As I get out of the car, through the windows, I see them, a line of men, most north of 60 I’m guessing, coffee cups in hand. They’re regulars, no doubt, and before I even step inside, I feel their gaze. They’re all jeans and caps and country, and I’m beige khakis, golf shirt and a pony tail. A couple of them nod kindly as I give my own silent, demure “good morning,” and after a couple of heartbeats worth of pause to take me in, they go back to their conversation. “It’s the schools that should be doin’ that,” one is saying, and all of a sudden, I’m tuned in, listening over my shoulder as I reach for a pack of Dentyne Ice from the candy shelf beneath the counter. “They’re just not teaching it as much as they should be.” I step away from the counter, buy a little time by pretending to look closely at the chocolate bars down below, wonder what the system is so deficient in, wondering, maybe…
“These kids just don’t know nothin’ about managing money,” he says, and I hear various sounds of assent from the others.
So here’s the deal with the change that many of us in this conversation are clamoring for in schools: we’re about the only ones talking it. The townsfolk down at the corner store aren’t demanding “21st Century Skills,” technology in every student’s hand, an inquiry based curriculum and globally networked classrooms. By and large the parents and grandparents in our communities aren’t asking for it. The national conversation isn’t about rethinking what happens in classrooms. No one’s creating assessments around any of this. And in fact, outside of the small percentage of people who are participating in these networks and communities online, the vast majority of this country and the world doesn’t even know that a revolution is brewing.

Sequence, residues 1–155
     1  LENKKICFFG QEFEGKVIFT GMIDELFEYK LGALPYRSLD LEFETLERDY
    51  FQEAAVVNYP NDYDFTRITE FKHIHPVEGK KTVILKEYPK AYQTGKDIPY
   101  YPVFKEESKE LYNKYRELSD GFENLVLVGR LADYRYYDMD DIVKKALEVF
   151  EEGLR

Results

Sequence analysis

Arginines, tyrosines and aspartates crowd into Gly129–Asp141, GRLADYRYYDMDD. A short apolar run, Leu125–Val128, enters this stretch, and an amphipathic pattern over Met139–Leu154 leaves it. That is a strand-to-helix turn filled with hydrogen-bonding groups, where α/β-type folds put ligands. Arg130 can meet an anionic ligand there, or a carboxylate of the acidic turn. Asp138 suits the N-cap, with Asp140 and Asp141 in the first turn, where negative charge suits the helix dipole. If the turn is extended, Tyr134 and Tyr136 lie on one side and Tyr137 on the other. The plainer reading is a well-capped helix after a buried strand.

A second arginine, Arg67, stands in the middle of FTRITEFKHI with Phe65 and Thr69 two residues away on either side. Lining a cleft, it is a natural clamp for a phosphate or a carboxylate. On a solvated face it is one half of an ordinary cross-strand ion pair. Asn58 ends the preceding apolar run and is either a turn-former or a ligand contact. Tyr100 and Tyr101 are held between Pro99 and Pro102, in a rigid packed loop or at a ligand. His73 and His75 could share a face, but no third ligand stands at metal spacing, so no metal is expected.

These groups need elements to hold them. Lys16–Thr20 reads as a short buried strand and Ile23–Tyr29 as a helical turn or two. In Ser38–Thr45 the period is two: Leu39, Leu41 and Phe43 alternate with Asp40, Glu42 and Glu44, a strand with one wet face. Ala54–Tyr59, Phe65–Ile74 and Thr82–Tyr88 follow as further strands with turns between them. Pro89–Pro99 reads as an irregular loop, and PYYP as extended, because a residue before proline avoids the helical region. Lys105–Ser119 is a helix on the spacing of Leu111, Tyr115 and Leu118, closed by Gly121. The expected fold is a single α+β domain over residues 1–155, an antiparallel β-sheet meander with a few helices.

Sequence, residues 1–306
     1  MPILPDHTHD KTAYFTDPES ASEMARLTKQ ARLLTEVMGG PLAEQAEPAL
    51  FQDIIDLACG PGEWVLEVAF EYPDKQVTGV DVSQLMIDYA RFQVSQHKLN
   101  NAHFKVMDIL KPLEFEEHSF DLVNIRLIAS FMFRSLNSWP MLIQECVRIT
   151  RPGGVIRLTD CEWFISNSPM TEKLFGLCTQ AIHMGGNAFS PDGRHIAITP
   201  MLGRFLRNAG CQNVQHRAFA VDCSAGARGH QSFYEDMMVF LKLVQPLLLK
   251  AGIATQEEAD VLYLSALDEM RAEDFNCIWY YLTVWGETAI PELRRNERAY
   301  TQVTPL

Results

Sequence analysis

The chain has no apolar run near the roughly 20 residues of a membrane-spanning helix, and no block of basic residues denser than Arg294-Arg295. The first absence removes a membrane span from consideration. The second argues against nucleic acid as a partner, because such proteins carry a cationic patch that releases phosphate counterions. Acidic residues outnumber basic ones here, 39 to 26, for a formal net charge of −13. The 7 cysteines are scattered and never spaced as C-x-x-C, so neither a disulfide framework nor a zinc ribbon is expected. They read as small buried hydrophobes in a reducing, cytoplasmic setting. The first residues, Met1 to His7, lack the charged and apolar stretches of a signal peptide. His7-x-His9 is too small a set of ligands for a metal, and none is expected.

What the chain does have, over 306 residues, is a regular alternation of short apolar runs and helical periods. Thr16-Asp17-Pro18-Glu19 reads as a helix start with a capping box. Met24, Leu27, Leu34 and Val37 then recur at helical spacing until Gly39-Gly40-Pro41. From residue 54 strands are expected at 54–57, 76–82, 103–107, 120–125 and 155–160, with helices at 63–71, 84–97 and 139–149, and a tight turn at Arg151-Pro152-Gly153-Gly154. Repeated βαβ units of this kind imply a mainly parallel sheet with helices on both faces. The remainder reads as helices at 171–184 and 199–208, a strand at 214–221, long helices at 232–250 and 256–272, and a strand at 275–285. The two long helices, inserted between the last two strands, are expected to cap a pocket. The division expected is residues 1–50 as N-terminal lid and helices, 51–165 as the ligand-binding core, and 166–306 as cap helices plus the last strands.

And, while it’s no shocker to say it, that’s what makes it really tough to be a leader in schools right now. Because if you’re doing your job, you’re thinking about doing things that no one out there is asking you to do. Which is, after all, what leadership is all about, isn’t it? I love Seth Godin’s quote from Tribes: “Leadership is a choice; it’s the choice not to do nothing.”Especially if basically standing pat will get you by.Â Given the current expectations for “student achievement” and adequate yearly progress, most school leaders can continue to get away with tinkering on the edges and not do anything to really upset the chalk tray. You want to make it into Newsweek’s top high schools list? Just keep pumping those AP courses and prepping those test scores. Constructing “modern knowledge” and sharing it with other global learners online? Not finding the check box for that.
I’ve said it before, you want to lead right now, as an administrator or as a teacher? You have to do both: you have do all of those things the parents and the town fathers and Newsweek (well, maybe not Newsweek) want you to do, but you also have to start shifting and seeing what the future holds for the kids in your schools, regardless if anyone else can see it. You have to, as the superintendent at my old school Lisa Brady has begun to do, lead your staff and your school community to the place where they understand the need for change as well, a place that’s not just about test scores and AYP, but that’s about student learning and literacy in new forms, forms that look much different from our own but that will be crucial to our kids’ success. You have to be an advocate, wherever and whenever you can, to convince people that while doing both is hard and takes time and effort, that it’s worth it, that it’s the right thing to do for the kids in our schools.
Because if you’re waiting for the conversation in the coffee shop and the porch swing to act, you’re going to be waiting a long time.